Monday, February 13, 2012
Hell Drivers (1957)
This movie could without stretching definitions too far be described as an example of British film noir. There’s a hero haunted by mistakes in his past that he may not be able to escape, there’s corruption, there’s a femme fatale, there’s a sense of impending tragedy and a tense brooding fatalistic atmosphere. It’s not a crime movie as such but it does feature an ex-con and there are illegal goings-on.
Tom Yately (Stanley Baker) applies for a job as a short-haul lorry driver. He has a few problems with the interview. He can’t produce references because as he explains he’s been abroad. As we find out later he’s actually been in prison. Nevertheless he is given a test run and he gets the job.
The number one driver and road foreman for this firm is Red (Patrick McGoohan). He’s even rougher than the other drivers, a violent and reckless individual who is determined to stay number one and will use any methods necessary to do so. Tom and Red take an instant dislike to one another. In fact the only driver Tom likes is an Italian known as Gino (Herbert Lom).
There’s a kind of competition going among the drivers to complete the most runs in a day, with the prize being a very expensive gold cigarette case. It’s more a matter of prestige than the actual prize though. So far no-one has been able to beat Red’s record. Tom is determined to do so. The tensions between Red and Tom continue to mount for a variety of reasons and their rivalry becomes more and more intense and more and more dangerous. It finally becomes absolutely poisonous and potentially deadly.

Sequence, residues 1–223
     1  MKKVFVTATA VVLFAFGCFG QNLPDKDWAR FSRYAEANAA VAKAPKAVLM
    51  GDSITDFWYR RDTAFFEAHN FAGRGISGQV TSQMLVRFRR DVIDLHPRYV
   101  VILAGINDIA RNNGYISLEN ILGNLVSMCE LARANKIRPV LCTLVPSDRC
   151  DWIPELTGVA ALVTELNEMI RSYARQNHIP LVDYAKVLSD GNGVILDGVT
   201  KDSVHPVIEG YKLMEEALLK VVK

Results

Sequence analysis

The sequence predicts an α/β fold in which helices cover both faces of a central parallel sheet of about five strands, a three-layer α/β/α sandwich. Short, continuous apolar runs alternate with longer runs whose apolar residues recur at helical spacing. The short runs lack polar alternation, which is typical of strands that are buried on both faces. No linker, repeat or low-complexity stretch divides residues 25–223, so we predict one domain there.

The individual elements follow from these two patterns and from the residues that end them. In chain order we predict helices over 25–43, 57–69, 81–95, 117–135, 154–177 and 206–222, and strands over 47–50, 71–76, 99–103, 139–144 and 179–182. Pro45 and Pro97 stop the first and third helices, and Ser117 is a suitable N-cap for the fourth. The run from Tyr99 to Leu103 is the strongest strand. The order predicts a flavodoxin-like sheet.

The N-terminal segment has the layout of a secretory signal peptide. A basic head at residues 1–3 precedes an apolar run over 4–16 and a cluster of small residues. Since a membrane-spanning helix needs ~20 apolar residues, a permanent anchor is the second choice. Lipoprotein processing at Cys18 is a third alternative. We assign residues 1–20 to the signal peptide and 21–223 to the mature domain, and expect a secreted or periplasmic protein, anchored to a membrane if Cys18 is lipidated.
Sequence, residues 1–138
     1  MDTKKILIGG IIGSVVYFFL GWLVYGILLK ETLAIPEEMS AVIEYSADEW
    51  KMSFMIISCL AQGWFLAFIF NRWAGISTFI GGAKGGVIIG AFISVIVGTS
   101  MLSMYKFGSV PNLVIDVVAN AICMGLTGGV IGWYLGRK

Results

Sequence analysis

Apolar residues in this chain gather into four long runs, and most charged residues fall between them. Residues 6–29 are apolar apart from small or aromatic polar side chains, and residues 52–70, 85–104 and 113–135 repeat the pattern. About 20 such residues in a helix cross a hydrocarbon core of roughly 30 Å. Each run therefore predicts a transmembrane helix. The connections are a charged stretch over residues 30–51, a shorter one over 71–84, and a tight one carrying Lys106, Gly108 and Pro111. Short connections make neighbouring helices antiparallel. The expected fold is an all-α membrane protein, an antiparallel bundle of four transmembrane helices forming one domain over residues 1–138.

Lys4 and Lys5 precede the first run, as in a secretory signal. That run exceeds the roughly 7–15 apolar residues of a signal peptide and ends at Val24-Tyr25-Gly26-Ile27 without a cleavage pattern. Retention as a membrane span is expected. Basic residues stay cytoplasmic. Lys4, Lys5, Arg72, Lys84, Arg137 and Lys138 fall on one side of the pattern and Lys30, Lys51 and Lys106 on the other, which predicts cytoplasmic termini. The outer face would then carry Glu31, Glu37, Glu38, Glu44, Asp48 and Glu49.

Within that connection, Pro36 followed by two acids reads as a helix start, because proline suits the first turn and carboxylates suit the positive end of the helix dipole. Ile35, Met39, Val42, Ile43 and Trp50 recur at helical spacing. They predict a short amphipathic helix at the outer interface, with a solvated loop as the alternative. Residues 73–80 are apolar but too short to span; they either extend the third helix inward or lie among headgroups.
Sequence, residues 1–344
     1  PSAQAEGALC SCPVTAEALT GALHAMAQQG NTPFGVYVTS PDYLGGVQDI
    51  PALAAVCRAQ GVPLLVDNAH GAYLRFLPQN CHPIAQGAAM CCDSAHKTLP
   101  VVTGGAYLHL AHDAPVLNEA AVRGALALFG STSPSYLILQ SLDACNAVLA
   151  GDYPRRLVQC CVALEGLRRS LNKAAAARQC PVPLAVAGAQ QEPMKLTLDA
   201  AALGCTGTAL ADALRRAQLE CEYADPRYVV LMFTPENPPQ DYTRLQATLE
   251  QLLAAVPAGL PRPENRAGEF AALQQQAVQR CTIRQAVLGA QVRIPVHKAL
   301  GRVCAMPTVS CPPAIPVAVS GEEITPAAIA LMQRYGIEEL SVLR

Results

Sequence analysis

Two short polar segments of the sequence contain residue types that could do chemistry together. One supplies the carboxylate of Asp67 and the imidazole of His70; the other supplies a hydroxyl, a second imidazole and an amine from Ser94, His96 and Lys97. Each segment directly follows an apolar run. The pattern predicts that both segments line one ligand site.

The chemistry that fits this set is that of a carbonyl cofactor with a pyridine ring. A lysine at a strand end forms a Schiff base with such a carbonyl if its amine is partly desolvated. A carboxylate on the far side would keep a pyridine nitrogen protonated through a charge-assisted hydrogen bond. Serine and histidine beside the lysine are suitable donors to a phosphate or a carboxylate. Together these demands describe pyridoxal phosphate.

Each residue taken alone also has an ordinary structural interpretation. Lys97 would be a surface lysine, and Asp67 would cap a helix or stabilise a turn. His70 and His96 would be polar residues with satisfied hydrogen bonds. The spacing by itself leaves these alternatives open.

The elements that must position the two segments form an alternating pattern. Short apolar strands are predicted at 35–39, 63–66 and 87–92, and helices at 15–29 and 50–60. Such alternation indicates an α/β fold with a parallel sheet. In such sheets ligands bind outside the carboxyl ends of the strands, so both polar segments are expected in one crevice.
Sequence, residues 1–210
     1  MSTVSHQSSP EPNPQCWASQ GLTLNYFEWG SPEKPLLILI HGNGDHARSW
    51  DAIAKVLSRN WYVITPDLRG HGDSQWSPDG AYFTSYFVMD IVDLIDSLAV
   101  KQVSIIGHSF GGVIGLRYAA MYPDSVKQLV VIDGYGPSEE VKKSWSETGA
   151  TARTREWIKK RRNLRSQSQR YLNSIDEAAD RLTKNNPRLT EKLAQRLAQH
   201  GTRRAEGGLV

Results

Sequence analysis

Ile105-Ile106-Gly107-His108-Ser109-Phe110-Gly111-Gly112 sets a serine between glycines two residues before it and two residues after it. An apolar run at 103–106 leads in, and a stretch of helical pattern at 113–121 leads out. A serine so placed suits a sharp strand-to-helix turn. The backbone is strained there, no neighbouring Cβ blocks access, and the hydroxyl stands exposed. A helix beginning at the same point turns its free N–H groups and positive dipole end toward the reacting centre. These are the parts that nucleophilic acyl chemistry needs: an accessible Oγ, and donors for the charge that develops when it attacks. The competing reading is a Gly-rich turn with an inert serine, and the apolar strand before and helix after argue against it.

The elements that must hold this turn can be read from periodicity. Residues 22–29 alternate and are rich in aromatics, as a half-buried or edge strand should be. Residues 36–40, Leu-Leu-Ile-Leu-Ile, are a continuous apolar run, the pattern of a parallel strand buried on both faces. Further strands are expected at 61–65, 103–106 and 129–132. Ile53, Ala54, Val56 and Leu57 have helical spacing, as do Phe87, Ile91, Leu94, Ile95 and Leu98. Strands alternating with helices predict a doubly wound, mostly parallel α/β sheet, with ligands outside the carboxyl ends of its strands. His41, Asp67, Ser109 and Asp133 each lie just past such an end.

Patrick McGoohan chews the scenery with great abandon and his approach proves to be the ideal counterpoint to Stanley Baker’s slow-burning tightly wound performance. Herbert Lom is entertaining as always. Peggy Cummins is dangerously sexy, a quality she was exceptionally good at conveying. Without exception the acting is superb.
The one false note is the subplot towards the end involving the wicked capitalist boss defrauding the noble down-trodden working-class. It gives the impression of being tacked on in an ill-advised attempt to add a political message, always a bad idea. It’s clumsy and quite unnecessary since the rest of the movie has already provided ample motivation for the characters’ actions.
Aside from one minor quibble this is a superb example of 1950s British film-making at its best.
The Region 4 DVD from Madman is a good widescreen print and includes a contemporary making-of documentary and an interview with Stanley Baker filmed in the late 50s. Highly recommended.